It's not like he always wanted to film a battle or anything.
"I never, ever wanted to film a battle," says Jerry Zucker, the
director of "First Knight," which contains one of the best battles ever filmed. "It's just that the story called for a battle and so I tried to come up with a concept. What was new, what was different, what hadn't been tried? So I came up with: Armor glinting in moonlight. And that was it."
For Zucker, "Camelot" was an exceedingly odd choice. No specialist in medieval lore or epic costume pictures, he's more known for sending up such highly formalized genres than for doing them literally. He and brother David and pal Jim Abrahams basically reinvented movie comedy with a series of hyper-successful films like "Airplane" and "The Naked Gun," which extended the notion of movie parody into an art form, while making everybody connected with them filthy rich. Then he segued into high romance with "Ghost," still the fourth highest grossing movie in the world.
"I like immediate response from the audience," says Zucker. "That's what I loved about the comedies and what I loved about 'Ghost.' I hate it when people come out of a movie and say, 'Boy, that was realistic.' Who cares if it's realistic? I'd rather they be up or excited in some way. I'll never do a slice-of-life movie."
His experience parodying other genres is helpful in playing it straight, says Zucker.
"In the comedies, you really push the line and get right to the limit. So I know what's too far. I'm very clear about that and know just how far I can go before it starts being funny. In that sense, doing the comedies helped a lot."
Zucker never set out to do an Arthurian legend.
"The truth is, we bought a spec script, which told the story of the famous triangle from Lancelot's point of view. I thought it was very interesting but my first thought was to do it as producer and let someone else direct.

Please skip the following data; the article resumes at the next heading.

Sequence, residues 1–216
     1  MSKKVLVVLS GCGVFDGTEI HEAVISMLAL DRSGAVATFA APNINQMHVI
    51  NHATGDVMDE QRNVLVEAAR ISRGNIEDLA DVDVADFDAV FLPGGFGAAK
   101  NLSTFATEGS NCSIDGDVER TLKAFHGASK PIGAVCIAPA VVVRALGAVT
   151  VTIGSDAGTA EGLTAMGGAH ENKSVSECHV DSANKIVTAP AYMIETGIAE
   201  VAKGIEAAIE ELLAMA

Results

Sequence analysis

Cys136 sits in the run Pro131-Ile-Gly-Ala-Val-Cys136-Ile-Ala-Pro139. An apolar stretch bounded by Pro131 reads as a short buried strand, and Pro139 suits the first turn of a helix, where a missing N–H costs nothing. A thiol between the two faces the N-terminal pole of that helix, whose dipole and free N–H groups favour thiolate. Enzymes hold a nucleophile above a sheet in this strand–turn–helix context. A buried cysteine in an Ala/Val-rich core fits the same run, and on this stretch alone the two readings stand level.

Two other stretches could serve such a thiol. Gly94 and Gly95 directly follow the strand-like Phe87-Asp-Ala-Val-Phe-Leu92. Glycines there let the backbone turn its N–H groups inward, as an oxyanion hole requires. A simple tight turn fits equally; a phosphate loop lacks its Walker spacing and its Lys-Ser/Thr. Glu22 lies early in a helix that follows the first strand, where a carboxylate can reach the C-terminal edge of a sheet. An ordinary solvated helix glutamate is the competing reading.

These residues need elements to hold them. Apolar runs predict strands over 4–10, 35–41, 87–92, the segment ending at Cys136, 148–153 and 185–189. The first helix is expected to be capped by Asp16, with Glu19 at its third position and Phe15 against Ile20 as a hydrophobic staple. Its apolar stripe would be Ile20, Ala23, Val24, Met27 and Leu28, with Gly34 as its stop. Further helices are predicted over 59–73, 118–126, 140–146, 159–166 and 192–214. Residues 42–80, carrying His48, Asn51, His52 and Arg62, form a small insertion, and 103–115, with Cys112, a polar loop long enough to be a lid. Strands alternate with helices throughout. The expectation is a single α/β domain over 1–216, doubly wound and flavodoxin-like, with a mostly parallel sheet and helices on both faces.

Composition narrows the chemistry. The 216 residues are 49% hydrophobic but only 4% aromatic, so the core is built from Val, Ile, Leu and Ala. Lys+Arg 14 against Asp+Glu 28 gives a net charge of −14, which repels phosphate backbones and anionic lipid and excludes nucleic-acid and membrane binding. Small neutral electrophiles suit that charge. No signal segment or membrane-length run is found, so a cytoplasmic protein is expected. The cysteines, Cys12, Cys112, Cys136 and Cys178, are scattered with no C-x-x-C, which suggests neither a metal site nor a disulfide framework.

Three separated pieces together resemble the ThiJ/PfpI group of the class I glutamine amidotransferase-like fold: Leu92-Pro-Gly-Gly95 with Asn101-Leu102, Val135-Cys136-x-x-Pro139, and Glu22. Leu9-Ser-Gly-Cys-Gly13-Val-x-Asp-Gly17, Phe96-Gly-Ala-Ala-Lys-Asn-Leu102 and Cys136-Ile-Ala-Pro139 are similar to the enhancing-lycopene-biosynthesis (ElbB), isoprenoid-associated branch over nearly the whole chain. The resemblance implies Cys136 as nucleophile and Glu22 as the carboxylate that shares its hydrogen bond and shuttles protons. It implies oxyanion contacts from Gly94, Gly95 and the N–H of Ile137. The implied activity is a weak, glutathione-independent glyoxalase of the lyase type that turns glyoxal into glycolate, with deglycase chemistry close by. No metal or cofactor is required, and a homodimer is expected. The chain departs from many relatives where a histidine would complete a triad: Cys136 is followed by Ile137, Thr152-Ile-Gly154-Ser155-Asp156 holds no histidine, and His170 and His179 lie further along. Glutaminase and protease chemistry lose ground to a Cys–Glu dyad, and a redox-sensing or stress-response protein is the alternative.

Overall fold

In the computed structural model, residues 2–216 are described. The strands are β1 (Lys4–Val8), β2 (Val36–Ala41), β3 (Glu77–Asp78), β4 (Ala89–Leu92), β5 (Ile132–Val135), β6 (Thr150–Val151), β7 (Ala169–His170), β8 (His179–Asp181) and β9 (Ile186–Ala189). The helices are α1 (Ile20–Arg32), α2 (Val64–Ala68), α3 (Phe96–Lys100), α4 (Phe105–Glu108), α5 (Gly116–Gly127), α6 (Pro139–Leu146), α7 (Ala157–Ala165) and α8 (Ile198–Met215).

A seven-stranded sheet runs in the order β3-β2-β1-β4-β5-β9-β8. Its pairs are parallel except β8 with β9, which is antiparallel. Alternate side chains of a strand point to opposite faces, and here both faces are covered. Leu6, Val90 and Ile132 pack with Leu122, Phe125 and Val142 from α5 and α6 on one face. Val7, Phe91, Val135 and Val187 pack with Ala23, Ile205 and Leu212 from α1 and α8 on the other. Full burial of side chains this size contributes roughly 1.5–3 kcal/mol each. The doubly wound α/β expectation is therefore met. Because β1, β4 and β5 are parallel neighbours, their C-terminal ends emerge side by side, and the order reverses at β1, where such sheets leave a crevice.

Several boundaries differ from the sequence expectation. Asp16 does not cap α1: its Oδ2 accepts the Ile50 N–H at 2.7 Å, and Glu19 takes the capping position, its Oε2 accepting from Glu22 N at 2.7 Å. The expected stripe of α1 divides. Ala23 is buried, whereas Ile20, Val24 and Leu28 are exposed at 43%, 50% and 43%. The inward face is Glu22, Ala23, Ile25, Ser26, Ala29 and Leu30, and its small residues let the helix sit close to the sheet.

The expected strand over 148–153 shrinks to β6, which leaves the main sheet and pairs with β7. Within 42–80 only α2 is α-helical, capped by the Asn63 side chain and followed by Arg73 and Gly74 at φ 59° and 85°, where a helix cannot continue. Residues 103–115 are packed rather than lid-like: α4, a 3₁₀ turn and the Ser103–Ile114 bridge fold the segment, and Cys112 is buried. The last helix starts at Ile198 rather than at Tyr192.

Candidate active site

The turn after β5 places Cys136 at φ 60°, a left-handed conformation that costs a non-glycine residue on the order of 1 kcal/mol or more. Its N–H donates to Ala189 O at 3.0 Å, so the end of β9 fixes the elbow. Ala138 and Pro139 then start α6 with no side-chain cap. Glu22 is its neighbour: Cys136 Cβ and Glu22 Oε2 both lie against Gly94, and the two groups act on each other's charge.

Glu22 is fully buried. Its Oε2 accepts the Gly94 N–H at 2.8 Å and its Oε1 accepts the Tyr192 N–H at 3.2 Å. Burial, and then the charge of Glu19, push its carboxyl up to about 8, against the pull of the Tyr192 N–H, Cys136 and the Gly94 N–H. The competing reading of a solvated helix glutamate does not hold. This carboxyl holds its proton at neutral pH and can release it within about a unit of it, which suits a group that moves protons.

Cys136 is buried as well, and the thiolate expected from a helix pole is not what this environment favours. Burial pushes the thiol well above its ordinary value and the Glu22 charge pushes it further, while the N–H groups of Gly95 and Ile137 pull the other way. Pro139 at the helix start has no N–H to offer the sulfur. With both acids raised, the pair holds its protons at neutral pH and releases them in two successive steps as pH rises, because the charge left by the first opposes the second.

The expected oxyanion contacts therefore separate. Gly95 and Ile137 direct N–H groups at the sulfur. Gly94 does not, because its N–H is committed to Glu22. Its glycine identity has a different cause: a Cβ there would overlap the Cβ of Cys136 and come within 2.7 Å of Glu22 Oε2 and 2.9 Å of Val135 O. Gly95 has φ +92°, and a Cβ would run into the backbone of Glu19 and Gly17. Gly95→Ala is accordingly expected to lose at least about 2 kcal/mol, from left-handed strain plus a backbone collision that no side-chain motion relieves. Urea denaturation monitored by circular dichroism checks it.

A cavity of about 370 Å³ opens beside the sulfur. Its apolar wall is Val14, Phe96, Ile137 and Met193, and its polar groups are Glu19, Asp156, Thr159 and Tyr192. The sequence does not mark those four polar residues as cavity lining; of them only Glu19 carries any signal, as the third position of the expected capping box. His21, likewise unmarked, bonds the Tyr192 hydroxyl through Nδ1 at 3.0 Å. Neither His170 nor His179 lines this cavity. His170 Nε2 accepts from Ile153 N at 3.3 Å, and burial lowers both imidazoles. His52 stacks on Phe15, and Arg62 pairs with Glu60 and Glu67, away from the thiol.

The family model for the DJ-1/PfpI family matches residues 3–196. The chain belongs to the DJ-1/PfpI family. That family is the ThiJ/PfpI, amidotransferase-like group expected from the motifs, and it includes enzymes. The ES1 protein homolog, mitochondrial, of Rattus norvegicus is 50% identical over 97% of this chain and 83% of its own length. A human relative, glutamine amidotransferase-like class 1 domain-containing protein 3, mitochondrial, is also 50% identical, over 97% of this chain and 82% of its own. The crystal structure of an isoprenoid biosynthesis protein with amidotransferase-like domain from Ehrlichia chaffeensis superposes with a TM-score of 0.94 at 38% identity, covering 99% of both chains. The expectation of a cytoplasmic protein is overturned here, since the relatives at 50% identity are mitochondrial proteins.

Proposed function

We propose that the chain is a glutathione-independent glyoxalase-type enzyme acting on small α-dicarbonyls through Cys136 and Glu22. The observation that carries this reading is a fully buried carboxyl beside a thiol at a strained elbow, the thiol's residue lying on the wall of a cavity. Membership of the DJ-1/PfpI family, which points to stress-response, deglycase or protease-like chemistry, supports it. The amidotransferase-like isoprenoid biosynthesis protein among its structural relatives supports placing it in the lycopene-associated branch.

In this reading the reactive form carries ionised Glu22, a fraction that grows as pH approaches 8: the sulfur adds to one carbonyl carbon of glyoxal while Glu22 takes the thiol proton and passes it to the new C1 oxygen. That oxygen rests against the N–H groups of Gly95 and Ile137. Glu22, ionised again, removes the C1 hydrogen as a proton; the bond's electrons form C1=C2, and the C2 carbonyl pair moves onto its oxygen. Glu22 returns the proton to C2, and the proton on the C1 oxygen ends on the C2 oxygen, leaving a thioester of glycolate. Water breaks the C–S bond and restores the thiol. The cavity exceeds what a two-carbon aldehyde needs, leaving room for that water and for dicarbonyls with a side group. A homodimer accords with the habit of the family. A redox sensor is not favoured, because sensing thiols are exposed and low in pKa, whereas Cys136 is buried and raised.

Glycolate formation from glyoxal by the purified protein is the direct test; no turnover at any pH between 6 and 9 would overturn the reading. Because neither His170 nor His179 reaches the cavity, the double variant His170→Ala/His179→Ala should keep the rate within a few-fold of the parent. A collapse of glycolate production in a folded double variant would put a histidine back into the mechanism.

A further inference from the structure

"But I couldn't find anyone to direct," he says. "So I started working with various writers in it, and finally Bill Nicholson [who wrote 'Shadowlands'] came aboard and he added the element of Lancelot's being kind of a drifter. And suddenly it got very interesting, and I couldn't imagine giving it to anyone else!"
Zucker, 45, whose voice still crackles with boyish enthusiasm and who frequently breaks off into peals of laughter over the course of a long phone chat, is serious about one thing -- that is, his right to change the story of Arthur, Lancelot and Guinevere.
"At first it bothered me, but then I realized there is no real Arthur text. In one book I consulted, there were over 200 different Arthur legends, many of them contradictory. But they did have one thing in common: They all had, in some form, the story of Arthur, Lancelot and Guinevere. So I figured as long as we were sticking close to that, we were still in Arthur territory."
Zucker never set out to be the guardian of the flame of classical romance, either.
"I was surprised as anyone when it turned out [in 'Ghost'] I had a gift for it. I was just looking for a script that excited me. I don't think in terms of genres. But after 'Ghost' I found out I really enjoyed the romance.
"To me 'romance' is about real connections between people, rather than on relying on pretty faces. Romance works much better if it sticks to the cat and mouse game between men and women instead of actually getting into the sex. I have problems with consummation . . . uh, in movies, not in life! Anyhow, I have problems with consummation on screen. There's just so many ways you can shoot it that aren't pornographic and they've been done over and over. And, when you get them into bed, the tension is over, it's finished. That's why in most movies, there's a letdown once the consummation has been achieved."